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Novlesville Schools Cancel Classes After Measles Scare
Updated May 5, 2013 12:10 AM | Filed under: WBIW News
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(NOBLESVILLE) - Noblesville Schools is canceling activities and cleaning buildings after a measles scare that's spread across central Indiana.

Thirteen people in Hamilton and Boone counties have confirmed cases of the measles, according to the Indiana State Department of Health.

Two of the cases are Noblesville students - one at Noblesville Intermediate School and one at White River Elementary School, school officials said.
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After-school activities and practices were canceled district-wide Wednesday night to help prevent the spread of the highly contagious illness.

Fifty-four students from both schools who have not been immunized have been told they can't return to school until further notice.

"Any student that goes to White River Elementary School or any student that goes to Noblesville Intermediate School who does not have their measles vaccinations will be excluded from school as of today. As of tomorrow, they will not be allowed to attend school," said district spokesman Mark Booth.

On Wednesday, 250 teachers and staff members at both schools had to provide proof of immunization or have their blood drawn to confirm they do not have measles.

Clinics will be set up at both schools Thursday to vaccinate students.

"I'm staying home. I'm not going to get out. I don't want any part in that," one student said.

"I just missed a bunch of school, and I can't miss really anymore," another student said. "If I get the measles, it'll be pretty bad."

District officials said all buildings will be thoroughly cleaned overnight, along with the buses the infected students are believed to have been riding.

Health officials said all of the cases appear to be connected and released a list of places individuals may have been exposed to the highly contagious virus:

* Delphi Electronics & Safety, Kokomo - Feb. 1-Feb. 9

* Hartley Funeral Home, Cicero - Jan. 25 and Jan. 26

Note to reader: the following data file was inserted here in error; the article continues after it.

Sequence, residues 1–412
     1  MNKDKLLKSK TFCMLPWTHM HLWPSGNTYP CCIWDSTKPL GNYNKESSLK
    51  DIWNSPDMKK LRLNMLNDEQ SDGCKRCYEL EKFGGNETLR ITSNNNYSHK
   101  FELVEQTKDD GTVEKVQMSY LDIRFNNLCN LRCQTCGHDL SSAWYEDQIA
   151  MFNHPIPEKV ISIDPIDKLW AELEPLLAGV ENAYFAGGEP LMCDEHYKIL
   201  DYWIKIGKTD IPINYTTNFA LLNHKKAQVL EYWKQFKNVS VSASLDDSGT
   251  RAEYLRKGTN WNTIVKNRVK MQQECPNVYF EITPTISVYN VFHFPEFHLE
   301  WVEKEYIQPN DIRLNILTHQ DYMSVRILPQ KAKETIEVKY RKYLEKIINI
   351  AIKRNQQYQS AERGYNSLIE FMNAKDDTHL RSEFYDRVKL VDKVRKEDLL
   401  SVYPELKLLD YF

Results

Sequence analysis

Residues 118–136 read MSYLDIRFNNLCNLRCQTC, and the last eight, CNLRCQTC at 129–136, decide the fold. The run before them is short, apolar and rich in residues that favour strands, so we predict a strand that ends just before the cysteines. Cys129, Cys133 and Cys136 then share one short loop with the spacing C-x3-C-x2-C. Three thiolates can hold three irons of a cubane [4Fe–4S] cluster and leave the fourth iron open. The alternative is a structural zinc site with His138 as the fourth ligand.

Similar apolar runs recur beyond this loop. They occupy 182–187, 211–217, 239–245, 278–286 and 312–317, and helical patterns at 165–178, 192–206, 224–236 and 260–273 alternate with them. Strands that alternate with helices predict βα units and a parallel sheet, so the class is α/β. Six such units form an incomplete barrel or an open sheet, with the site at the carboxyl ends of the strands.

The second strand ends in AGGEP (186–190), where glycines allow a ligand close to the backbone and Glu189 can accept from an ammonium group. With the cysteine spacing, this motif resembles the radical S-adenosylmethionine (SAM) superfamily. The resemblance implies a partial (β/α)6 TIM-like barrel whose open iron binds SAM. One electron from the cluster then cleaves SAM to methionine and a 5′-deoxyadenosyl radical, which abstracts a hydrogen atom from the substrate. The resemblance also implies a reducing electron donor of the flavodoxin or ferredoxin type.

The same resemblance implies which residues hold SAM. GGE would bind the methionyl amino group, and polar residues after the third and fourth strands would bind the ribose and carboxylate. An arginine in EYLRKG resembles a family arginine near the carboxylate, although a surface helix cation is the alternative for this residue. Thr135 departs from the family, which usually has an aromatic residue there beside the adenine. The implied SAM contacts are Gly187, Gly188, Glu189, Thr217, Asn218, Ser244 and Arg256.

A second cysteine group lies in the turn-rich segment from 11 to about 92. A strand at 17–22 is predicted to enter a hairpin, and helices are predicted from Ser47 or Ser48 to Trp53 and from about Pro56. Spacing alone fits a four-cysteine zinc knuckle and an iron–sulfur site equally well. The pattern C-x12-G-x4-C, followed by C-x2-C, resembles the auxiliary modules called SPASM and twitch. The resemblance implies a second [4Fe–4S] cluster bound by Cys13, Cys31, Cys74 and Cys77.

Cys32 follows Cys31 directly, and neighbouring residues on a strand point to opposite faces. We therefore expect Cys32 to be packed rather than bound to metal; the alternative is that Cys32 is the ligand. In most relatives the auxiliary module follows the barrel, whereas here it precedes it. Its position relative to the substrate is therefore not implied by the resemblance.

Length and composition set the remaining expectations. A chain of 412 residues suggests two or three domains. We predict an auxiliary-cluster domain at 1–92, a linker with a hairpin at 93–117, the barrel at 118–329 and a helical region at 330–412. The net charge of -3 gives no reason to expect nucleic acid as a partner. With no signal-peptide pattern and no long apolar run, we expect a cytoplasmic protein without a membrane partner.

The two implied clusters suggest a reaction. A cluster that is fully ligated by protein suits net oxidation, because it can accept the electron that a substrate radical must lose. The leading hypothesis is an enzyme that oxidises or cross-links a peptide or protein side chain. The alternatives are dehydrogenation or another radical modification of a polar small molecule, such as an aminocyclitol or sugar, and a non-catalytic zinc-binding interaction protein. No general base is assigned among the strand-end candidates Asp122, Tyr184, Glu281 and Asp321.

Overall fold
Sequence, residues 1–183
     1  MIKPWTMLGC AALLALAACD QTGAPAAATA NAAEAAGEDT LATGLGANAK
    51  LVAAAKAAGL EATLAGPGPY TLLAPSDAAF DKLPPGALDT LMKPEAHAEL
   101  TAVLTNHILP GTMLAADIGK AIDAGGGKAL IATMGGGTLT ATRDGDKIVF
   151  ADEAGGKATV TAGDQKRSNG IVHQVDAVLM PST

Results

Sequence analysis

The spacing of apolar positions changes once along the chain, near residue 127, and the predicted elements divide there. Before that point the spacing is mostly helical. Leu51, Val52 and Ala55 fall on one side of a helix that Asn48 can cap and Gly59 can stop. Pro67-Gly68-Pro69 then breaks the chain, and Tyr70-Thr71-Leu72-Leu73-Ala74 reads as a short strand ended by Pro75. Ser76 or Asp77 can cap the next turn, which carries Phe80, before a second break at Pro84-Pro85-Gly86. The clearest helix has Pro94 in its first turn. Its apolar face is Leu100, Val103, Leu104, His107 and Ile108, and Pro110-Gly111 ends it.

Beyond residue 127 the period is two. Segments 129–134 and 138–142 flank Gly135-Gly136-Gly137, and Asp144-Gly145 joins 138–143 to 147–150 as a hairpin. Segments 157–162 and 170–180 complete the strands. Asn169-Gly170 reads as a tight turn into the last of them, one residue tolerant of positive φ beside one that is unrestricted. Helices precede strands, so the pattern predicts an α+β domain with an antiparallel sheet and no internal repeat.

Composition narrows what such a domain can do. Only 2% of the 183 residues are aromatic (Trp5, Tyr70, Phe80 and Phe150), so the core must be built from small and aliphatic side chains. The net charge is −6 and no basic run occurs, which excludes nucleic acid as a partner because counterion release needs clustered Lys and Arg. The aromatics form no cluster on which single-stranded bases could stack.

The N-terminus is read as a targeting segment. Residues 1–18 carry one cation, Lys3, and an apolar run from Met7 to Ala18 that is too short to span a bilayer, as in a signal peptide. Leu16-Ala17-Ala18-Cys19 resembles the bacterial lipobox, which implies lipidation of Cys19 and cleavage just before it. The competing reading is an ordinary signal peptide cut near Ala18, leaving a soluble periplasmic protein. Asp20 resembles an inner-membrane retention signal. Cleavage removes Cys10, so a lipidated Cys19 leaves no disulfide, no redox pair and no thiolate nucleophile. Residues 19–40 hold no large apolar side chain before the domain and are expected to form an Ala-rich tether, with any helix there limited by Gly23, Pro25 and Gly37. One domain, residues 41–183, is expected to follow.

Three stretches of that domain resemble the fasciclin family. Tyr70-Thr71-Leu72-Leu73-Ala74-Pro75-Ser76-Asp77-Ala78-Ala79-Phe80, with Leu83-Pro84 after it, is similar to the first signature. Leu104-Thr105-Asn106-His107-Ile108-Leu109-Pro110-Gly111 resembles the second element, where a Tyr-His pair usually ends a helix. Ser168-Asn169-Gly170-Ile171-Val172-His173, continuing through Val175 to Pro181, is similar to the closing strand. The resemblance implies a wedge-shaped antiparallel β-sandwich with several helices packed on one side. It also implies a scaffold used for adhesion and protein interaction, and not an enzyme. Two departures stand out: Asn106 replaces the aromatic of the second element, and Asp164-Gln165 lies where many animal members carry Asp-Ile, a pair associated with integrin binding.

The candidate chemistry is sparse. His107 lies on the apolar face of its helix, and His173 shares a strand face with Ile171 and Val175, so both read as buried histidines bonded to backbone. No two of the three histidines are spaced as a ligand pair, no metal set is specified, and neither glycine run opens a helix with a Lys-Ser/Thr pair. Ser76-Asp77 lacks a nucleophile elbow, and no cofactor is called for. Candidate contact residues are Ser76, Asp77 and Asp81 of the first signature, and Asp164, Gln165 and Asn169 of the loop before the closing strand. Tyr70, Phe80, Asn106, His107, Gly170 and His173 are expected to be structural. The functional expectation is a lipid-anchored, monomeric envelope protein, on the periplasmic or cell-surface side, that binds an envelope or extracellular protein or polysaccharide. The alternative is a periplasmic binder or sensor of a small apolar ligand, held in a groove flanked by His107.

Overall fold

* Kroger on West Logan Street, Noblesville - Feb. 10

* Walmart on Clover Road, Noblesville - Feb. 10

* College Park Church, Indianapolis - Jan. 1, Jan. 15 and ongoing

* Indianapolis Grace Ethiopian Church/Westlake Community Church, Indianapolis - Jan. 8

* Noblesville Intermediate School - Feb. 9

* White River Elementary School - Feb. 13

* Ivy Tech Community College, Anderson Campus - Jan. 26, Jan. 31 and Feb. 2

A number of health care clinics in Zionsville, Fishers and Noblesville were also included on the list with multiple dates in January and February, including Saint Vincent Primary Care clinics, Indiana University Primary Care clinics and a Community Hospital Immediate Care Center.

College Park Church leaders have told their 4,000 members, if they aren't immunized, they should stay home.

"(Infected individuals) were here in attendance and, therefore, several of our people were exposed," said Executive Pastor Bill Dinsmore. "We care very much about our people, and our main concern was how can we keep this from spreading as quickly as possible."

At least two of those who have fallen ill also visited Super Bowl Village together in downtown Indianapolis two days before the game, but health officials said there have been no confirmed measles cases from that exposure.

Measles is a highly contagious respiratory disease caused by a virus that begins with a fever, cough, runny nose and red eyes seven to 10 days after exposure. The fever increases and a rash starts on the face and upper neck two to four days later, eventually spreading across the body.

Droplets from a sneeze or cough spray into the air and can remain active and contagious for up to two hours.

Health officials said measles is rare in the United States because of high levels of vaccination with the measles, mumps and rubella, or MMR, vaccine.

Children are routinely vaccinated for measles at 1 year old and again before entering kindergarten. Those born before 1957 are presumed to be immune to measles.

Measles poses a serious threat to unvaccinated infants, people with diseases affecting their immune systems and pregnant women.

Those experiencing the symptoms of measles are asked to stay home and consult a doctor.

The Indiana State Department of Health has established a hotline to help answer questions from the general public from 8:15 a.m. to 4:45 p.m. daily at 877-826-0011.



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